1 Comment

Summary:

A few weeks after Twitter’s co-founder suggested services flip from time-based free trials to use-based ones, one of the world’s most succes…

Blood Elf from World Of Warcraft at BlizzCon
photo: CalvinB

A few weeks after Twitter’s co-founder suggested services flip from time-based free trials to use-based ones, one of the world’s most successful online subscription services has done exactly that.

World Of Warcraft, for which over 12 million people pay €15/£10 ($15) per month and more in-game, is switching its limited, 14-day free trial game to a “starter edition” that offers the game’s first 20 levels free.

Free trials have been used by businesses for donkeys of years; “freemium” is now an established customer acquisition strategy for many web businesses.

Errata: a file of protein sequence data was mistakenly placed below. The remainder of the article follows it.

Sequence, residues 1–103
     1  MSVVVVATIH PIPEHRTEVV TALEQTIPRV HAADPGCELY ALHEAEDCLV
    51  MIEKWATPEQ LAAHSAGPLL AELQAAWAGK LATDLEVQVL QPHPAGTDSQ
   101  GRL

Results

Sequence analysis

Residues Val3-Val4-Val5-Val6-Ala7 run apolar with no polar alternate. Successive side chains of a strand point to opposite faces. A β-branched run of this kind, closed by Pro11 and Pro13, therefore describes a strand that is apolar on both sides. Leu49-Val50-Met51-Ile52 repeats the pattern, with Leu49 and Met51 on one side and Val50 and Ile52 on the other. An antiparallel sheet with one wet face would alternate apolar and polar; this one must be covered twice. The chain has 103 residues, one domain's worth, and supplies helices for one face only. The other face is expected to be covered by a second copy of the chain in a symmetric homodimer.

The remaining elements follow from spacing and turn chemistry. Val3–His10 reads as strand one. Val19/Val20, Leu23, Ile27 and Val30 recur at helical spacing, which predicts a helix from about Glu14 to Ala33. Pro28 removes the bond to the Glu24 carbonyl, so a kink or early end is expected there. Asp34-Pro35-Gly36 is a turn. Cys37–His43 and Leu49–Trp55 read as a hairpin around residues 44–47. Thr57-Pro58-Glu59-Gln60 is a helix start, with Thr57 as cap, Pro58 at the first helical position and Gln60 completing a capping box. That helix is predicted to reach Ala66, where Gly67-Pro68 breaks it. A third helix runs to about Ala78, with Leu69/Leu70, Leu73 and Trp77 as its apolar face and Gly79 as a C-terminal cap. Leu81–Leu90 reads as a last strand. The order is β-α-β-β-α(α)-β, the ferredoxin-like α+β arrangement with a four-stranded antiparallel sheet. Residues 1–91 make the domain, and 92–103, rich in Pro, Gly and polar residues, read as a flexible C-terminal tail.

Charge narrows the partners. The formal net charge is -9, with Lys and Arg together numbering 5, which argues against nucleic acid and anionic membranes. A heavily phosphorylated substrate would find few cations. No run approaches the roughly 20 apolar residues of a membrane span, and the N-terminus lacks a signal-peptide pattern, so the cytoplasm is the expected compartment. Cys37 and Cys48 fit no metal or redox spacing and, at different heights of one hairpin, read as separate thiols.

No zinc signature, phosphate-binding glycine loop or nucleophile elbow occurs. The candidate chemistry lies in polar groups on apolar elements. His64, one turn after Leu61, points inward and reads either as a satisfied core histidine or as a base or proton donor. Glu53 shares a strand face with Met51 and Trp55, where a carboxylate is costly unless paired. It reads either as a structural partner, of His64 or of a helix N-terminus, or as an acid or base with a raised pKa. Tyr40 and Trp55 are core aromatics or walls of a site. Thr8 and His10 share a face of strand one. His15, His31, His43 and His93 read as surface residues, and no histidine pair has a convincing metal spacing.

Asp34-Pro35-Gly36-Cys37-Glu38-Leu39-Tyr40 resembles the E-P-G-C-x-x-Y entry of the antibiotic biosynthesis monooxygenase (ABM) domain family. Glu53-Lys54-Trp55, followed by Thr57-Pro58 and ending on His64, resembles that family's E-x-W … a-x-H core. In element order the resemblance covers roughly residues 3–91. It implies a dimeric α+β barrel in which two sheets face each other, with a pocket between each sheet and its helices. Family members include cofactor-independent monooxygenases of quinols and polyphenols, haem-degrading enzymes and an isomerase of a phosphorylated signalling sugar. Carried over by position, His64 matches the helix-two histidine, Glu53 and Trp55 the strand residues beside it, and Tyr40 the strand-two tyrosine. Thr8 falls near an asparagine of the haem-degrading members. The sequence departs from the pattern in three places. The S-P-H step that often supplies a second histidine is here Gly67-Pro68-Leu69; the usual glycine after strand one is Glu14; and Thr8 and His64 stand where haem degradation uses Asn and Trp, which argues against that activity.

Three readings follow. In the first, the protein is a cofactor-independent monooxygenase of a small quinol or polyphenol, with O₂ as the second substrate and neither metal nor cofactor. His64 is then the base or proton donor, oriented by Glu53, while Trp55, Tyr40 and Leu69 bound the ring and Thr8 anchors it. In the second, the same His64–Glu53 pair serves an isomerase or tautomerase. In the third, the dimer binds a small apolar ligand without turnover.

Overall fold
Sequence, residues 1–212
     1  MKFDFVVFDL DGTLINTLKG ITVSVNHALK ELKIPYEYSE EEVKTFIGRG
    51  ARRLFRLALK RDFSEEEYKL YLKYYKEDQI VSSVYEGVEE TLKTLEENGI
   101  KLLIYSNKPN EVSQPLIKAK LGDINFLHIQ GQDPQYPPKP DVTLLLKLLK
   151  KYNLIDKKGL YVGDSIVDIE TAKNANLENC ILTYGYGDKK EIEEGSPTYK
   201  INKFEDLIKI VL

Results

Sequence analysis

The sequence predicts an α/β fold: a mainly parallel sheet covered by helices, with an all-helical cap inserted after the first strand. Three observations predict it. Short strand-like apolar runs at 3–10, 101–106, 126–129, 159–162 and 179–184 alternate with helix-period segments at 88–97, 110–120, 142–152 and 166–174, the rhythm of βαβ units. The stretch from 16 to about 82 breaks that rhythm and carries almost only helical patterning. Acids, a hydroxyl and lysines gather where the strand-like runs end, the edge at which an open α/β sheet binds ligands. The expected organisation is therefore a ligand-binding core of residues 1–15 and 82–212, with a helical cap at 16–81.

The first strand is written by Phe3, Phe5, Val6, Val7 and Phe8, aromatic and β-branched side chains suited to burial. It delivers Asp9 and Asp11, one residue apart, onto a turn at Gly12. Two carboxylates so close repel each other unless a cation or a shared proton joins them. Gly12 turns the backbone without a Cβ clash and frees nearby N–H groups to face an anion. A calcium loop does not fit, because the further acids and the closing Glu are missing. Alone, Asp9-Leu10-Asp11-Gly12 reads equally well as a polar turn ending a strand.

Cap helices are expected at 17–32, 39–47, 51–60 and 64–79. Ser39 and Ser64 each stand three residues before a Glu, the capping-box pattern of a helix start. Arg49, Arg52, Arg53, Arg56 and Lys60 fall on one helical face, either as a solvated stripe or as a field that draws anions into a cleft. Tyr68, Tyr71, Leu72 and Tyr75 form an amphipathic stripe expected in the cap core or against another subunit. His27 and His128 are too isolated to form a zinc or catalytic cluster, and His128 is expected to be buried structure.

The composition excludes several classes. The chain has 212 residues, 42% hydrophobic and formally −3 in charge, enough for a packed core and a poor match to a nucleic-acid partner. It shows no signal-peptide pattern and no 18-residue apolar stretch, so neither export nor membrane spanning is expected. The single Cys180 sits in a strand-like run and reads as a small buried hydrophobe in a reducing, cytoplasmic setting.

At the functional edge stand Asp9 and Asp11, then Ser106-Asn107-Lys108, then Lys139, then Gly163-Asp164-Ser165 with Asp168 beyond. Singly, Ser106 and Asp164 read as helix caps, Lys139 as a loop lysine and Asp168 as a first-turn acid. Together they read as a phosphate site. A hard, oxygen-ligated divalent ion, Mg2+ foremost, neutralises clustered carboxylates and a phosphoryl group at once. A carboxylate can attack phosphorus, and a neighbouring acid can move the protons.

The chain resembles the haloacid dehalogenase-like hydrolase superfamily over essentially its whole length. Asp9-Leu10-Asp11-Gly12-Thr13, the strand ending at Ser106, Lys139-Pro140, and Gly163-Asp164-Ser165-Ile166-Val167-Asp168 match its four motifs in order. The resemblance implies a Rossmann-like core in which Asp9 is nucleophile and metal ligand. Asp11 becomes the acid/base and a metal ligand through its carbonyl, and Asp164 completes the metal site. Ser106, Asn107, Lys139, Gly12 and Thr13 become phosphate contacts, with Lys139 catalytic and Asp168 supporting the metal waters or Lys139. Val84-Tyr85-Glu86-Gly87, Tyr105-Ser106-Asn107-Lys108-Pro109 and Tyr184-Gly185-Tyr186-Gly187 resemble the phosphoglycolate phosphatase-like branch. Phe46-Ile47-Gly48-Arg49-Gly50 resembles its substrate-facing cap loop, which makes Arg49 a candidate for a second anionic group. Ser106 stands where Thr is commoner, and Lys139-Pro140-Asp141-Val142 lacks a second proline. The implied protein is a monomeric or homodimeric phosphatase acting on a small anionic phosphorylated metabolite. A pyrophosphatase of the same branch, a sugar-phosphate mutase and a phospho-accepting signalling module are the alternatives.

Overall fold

But Evan Williams wrote on his blog last month about using a web service that limited his trial to 14 days: “Now I have the dilemma of deciding whether to subscribe based on a few minutes usage. It would be refreshing to see something that let me assess a product on my schedule. And, who knows, maybe more people would get into your awesome app eventually.”

World Of Warcraft has had few problems turning people in to paying customers. It’s wildly successful. But it will be interesting to see how this subtle change affects its conversions.

  1. patricksmithjournalist Wednesday, June 29, 2011

    Plus, the WoW model to is hook people in with game content that is only reachable the the highest level players. Nothing that interesting happens before 20th level and the more difficult and elaborate raids (effectively quests you complete with other players) are only accessible once you’ve reached a certain experience quota. What’s interesting is the depth of engagement ActiBlizz has to play with: a raid can take something like four hours and sometimes longer, often uninterrupted, and no one seems to question the effect this is having on their lives. 

    Share

Comments have been disabled for this post